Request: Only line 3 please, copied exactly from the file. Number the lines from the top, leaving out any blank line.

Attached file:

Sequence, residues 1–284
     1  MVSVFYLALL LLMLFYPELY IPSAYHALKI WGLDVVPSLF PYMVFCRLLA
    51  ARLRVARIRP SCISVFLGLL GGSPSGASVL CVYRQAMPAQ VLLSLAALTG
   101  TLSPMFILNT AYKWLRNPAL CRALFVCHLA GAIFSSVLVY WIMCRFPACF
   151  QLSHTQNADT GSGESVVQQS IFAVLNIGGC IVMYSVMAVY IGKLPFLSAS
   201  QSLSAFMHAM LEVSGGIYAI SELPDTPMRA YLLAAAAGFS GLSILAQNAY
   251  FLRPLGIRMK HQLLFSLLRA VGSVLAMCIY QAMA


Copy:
    51  ARLRVARIRP SCISVFLGLL GGSPSGASVL CVYRQAMPAQ VLLSLAALTG